Short answer - .* matches the special ".." link in the directory and your command ends up getting applied to the parent directory. This may end up in unexpected results. Hence, .* considered harmful.
Long answer - Say, you want to run a chmomd/chown or find command on all of the dot files in a directory called /home/nixcraft/projects. You type the following command in $HOME/projects/ to match all dot files:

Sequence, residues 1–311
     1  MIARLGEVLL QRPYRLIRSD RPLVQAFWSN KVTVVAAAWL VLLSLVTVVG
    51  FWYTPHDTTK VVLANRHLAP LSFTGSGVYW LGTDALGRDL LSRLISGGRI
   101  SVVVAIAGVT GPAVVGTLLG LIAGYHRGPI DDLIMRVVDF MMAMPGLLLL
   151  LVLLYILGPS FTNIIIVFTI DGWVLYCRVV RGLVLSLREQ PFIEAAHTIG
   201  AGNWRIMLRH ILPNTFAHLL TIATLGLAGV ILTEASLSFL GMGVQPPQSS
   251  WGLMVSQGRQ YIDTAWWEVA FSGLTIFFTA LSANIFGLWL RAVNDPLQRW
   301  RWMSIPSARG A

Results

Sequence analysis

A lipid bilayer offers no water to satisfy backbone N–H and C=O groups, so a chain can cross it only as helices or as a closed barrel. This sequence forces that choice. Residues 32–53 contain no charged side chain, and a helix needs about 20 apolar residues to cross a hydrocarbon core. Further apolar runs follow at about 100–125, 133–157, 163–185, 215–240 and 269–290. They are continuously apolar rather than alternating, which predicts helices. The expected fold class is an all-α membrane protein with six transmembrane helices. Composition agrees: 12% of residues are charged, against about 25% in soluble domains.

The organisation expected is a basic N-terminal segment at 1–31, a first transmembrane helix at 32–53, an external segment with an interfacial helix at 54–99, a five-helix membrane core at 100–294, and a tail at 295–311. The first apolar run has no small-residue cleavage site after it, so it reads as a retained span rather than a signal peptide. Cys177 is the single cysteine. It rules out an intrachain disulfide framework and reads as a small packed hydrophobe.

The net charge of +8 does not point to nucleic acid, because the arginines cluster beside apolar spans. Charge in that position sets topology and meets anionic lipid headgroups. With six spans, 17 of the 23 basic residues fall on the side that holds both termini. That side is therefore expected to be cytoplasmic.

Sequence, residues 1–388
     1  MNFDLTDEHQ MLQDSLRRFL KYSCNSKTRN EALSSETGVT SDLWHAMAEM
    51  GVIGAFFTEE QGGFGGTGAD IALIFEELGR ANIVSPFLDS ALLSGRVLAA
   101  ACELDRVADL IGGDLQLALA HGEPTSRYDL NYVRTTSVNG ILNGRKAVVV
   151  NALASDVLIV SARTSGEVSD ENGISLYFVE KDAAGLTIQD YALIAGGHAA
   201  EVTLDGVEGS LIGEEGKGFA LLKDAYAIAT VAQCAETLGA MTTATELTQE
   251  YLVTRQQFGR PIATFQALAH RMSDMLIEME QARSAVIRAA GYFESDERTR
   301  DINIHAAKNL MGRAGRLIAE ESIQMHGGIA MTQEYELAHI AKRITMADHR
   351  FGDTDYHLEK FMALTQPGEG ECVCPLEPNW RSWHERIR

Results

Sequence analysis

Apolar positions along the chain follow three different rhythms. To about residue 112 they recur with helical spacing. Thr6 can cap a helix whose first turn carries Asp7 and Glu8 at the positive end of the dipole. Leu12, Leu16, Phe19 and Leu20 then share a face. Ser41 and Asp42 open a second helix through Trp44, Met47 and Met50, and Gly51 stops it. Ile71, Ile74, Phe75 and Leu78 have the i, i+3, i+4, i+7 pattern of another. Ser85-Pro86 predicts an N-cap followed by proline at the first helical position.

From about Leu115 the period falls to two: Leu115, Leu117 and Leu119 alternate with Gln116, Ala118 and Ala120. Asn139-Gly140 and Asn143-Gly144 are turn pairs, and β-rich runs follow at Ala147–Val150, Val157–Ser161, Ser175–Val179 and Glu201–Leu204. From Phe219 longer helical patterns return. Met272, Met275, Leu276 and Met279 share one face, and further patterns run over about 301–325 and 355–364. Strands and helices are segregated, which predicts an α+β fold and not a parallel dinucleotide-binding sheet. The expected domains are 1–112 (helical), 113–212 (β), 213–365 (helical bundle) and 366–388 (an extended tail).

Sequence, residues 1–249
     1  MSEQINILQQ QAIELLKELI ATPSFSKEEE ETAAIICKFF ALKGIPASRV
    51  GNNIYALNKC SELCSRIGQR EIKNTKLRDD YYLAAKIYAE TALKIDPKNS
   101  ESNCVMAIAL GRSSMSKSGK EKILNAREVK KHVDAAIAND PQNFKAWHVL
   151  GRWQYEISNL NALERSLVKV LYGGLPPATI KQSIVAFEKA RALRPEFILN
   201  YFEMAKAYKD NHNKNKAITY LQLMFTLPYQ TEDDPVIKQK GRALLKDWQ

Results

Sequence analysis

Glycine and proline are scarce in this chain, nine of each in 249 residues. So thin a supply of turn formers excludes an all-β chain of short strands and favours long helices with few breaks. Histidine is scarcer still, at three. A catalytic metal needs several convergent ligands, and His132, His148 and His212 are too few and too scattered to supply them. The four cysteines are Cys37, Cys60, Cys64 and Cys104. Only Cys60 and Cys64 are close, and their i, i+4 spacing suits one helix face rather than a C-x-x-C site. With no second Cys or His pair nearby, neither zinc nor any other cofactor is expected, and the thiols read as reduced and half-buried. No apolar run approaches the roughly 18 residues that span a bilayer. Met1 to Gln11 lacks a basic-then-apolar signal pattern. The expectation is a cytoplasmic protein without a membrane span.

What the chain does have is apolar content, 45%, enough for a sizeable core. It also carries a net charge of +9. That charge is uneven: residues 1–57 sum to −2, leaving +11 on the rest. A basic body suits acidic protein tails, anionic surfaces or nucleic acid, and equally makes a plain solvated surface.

chown -R user:group .*
This will change the permission for both in the current and parent directory as .. will be matched by .*. This may result into unexpected security related issues and few other problems. Many Linux / Unix commands offers an option to work recursively on files. In this example, the -R option will match the current and all sub-dirs of parent directory. This can result into disaster if you have several thousand files. Restoring and cleaning from this kind of problems can be time consuming. Use the following syntax to match dot files:
chmod -R 0444 .[^.]*
chown -R user:group .[^.]*
ls -R .[^.]*
find . -iname ".[^.]*" -print
find . -iname ".[^.]*" -lsTweet itFacebook itGoogle+ itPDF itFound an error/typo on this page?